Use of New “Designer Drugs” Growing in Popularity

drugsThe National Institute on Drug Abuse (NIDA) refers to “designer drugs” as drugs created in a laboratory, usually one that is illegal, secret or an “underground” lab. Designer drugs are created by altering the properties of a plant-derived drug, such as marijuana, morphine or cocaine, using chemistry. As a result, “designer drugs” typically cause a new and different effect on the user’s behavior or brain function.

Designer Drugs

Designer drugs are also referred to as “club drugs” due to their use in the night club scene. They are psychoactive (affecting the mind) drugs commonly abused by teens and young adults at parties, concerts, bars and nightclubs.

Common designer drugs include MDMA (Ecstasy), Rohypnol (roofies), GHB ( Scoop), ketamine (Special K), LSD (acid), and methamphetamine (Meth).

The ingredients and potency of designer drugs vary considerably, due to their being created in illegal labs. It is nearly impossible to know with any certainty what is actually in the drugs, or what they will do to the person using them.

Ecstasy, for example, is frequently contaminated with other ingredients such as ketamine (an injectable anesthetic), ephedrine (a drug used to treat asthma and allergies), and meth (an illicit stimulant drug).

Designer Drug Side-Effects

Dangerous side-effects stem from using the unknown mixtures in designer drugs, including memory loss, seizures, coma—and death.

According to NIDA, it is difficult in the extreme to determine the toxicity of designer drugs and the resulting medical consequences because of the uncertainties of the chemicals, contaminants and sources used in their manufacture.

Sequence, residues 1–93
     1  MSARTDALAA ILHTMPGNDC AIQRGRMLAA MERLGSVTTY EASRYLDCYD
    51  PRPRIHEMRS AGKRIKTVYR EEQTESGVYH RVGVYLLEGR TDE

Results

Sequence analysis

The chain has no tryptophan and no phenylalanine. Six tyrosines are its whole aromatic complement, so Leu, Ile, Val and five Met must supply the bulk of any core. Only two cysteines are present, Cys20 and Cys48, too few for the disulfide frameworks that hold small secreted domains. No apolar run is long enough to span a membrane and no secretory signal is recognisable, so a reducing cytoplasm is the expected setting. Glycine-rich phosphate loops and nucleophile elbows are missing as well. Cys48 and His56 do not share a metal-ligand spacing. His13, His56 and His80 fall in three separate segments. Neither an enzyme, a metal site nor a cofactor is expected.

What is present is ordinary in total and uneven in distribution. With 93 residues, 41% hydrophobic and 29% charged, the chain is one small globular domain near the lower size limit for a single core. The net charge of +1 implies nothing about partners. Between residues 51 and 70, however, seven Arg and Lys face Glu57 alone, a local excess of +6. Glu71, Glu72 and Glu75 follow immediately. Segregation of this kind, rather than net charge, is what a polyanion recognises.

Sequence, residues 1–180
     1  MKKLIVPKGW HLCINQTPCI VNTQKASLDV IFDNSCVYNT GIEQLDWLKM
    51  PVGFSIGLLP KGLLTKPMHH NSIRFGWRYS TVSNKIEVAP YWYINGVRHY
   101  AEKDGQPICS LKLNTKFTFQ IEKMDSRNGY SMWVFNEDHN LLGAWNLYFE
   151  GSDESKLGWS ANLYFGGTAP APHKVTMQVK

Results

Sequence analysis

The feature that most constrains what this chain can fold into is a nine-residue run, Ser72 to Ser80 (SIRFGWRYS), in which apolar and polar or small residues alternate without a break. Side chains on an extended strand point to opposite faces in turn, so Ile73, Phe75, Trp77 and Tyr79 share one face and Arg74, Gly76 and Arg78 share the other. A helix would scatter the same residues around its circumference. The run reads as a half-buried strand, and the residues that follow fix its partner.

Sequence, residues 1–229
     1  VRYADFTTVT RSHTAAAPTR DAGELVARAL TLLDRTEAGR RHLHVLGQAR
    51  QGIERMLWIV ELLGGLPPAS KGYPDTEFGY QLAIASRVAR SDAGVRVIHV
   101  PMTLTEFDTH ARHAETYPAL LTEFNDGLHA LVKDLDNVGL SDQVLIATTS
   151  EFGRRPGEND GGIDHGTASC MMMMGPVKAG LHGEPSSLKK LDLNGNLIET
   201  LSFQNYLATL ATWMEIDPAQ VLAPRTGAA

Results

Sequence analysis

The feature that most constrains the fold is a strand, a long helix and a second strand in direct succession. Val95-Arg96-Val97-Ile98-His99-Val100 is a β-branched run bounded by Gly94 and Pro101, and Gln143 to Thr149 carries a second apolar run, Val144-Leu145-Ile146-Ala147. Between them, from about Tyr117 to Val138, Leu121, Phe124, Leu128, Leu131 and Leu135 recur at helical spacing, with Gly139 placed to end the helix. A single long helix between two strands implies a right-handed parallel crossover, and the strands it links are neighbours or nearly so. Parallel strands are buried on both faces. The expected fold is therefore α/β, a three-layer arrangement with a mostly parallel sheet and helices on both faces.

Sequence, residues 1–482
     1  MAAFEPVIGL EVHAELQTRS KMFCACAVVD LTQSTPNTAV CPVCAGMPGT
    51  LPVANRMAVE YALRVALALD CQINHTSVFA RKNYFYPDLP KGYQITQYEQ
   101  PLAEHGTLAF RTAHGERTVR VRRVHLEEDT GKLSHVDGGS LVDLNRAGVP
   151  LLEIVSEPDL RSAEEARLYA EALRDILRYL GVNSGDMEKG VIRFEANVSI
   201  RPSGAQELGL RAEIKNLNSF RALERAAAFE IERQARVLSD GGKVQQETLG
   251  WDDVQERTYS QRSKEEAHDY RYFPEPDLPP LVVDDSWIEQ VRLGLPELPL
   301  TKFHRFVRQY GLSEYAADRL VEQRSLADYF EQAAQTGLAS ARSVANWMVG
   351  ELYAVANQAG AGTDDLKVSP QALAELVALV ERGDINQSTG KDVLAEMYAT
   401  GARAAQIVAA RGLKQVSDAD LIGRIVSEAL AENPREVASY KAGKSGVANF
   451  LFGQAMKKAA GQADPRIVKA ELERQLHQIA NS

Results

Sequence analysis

Regardless of those uncertainties, there are some certainties about club drugs risk and consequences.


Seizures and coma can result from GHB use. Combining its use with alcohol or other drugs can cause nausea and difficulties in breathing. GHB has also been linked to date rapes, overdoses, poisonings, and death.


This designer drug can be lethal when mixed with CNS (Central Nervous System) depressants or alcohol.


In high doses, Ketamine can cause high blood pressure, impaired motor function, and respiratory problems which are potentially fatal.

Two New Designer Drugs

Two new designer drugs are now on the scene, and pose typical designer drug-use risks and dangers.

The designer drug known as Budder, is butane hash oil that users put in their vaporizers.

The designer drug known as Flakka is a new kind of bath salt. Bath salts act as a CNS stimulant, and are considered to have far more toxic effects than other street drugs. In efforts to control its abuse and misuse, the Drug Enforcement Administration (DEA) has made some of the chemical ingredients from which bath salts are derived, illegal.

Despite efforts to curtail the availability and use of bath salts, convenience stores and smoke shops nationwide continue to sell this dangerous synthetic drug. Risks and dangers include paranoia, hallucinations and violent behavior.

According to an Origins Behavioral Healthcare profession, Robert Park, Flakka users comprise 10 to 15 percent of their new drug rehab clients.

Park notes that Flakka-users sometimes stay-up for days, often causing a sleep-deprived psychosis. He adds that it can also trigger a mental health issue in someone who is predisposed. Flakka causes an increased heart-rate in the user, as well.

Budder, also known as BHO, is pure THC (the psychoactive substance in marijuana) mixed with harmful chemicals. It can cause side-effects similar to Flakka.

These two new designer drugs reportedly are easily made at home, and get the user higher for a longer period of time. The two drugs can cause alarming immediate side-effects, but the greatest dangers and risks may stem from as-yet unknown long-term side effects.

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